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<nettime> "LIFESTYLE" edition, Moscow 2003
Oleg Kireev on Tue, 13 Jan 2004 23:18:23 +0100 (CET)

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<nettime> "LIFESTYLE" edition, Moscow 2003

"LIFESTYLE" edition: Moscow "ghetto" 2003


It was about ten years ago when the word "impostor" had firstly appeared
in the anarchist and left radical milieus which ever tended to adventurism
and humor. They also used to say "revolutionary impostor". This name had
been successful in showing a social type, a person whose life consists of
prestigious freelance work or foreign trips in a mix with existence in
artistic or anarchist communes, sometimes hitch-hiking and sometimes crazy
amounts of money (grants, honorariums or the suspicious affairs' outputs).
Many became impostors at last decade when long-term social connections
have been broken and former workers were becoming travelling business
"shuttles", scientists - market sellers. In the former "ghetto" edition -
an "Against all P's" compilation - we have already briefly outlined an
image of a revolutionary impostor who was then called "an asocial,
declassed element".

A few years passed and we got to know that progressive European philosophy
had also revived definitions of "nomad", "migrant", an ever escaping and
disappearing type who doesn't deal with the state, doesn't fit to any
usual social stratifications, avoids all definitions. After another few
years our own society had turned into an (illusionary) clear and stable.
They don't like impostors here anymore. Former impostors from PR and
business domains ride to supermarkets in Cherokee Jeeps, buy whiskey and
oysters and get an advertising prospect "Obraz zhizni. Lifestyle" for
free. There they try to recognize themselves on pictures with silver and
bellows. And the revolutionary impostors keep on their unbelievable,
irrational, partisan, vigorous activity.

This time we're not analyzing a type of an "impostor" anymore but rather
we give an opportunity to speak to an impostor himself. Now we don't do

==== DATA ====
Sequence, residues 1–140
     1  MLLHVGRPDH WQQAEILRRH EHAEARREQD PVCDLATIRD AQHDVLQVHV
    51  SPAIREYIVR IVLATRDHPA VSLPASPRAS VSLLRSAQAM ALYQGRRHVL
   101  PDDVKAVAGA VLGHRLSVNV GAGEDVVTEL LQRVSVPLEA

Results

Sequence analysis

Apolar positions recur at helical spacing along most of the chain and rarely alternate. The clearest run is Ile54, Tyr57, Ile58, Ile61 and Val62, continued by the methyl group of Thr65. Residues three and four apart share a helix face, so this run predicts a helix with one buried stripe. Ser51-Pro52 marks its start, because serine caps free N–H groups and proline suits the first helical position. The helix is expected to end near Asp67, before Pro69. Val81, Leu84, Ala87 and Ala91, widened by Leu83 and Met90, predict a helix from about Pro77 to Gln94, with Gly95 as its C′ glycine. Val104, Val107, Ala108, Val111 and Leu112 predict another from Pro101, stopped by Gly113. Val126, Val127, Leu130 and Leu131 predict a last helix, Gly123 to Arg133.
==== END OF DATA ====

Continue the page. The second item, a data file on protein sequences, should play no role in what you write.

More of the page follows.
any direct political declarations - rather we show our view towards on
this society and our position within this society by showing our

We'd like to clarify a literary question besides that. Contemporary
literature slowly gives up being ironical, multilayered, philological,
composed of cues and allusions clear to only those "concerned". Instead of
a refined and complicated language we suggest an immediate telling of real
stories which have happened to the authors. An orientation on the simplest
talking language is taken. That's why the distance here is minimal; and as
Dmitriy Kostenko did well say in his text, "this is a game, but it has
nothing in common with a postmodernist game, this is an irony, but not a
postmodernist one".

Our comrade Dmitriy Kostenko, in 1994-96 an editor of a "Black star"
almanac and a "New Nestor" bulletin, a great street speaker, a
propagandist of anarchy, autonomous movement, struggling Palestine and
immortal juche ideas, traces on very roots of "revolutionary impostorism"
in his piece "A cocktail of laughs and real bloodthirst". Kostenko
distinguishes between the revolutionaries of a revolutionary epoch and
those of a stagnation epoch and states that today's rebels don't truly
believe they can change the world - unlike them who witnessed the fall of
Soviet Union: they believed they can come and take the power like
democrats did.

Pavel Chernomorsky, a journalist and leftist radical, tells about heroiń
works of trotskyists from Saint-Petersbourgh in mid-90s, their fameless
cooperation with National bolshevist party, their radical actions and
these actions' discussions in bohemian salons, about boyfriends and

Andrey Stvolinsky, a participant of the events connected with leftist
terrorism of late 90s sheds light on the history of the N.R.A. ("New
revolutionary alternative") group. Other members of this group have been
sentenced to long imprisonment terms in May, 2003. Andrey Stvolinsky's
text answers many accusations in betrayal which have been addressed to him
during the process. The text reveals new and exclusive facts about the FSB
office explosion at April, 4, 1999, and it couldn't be published until the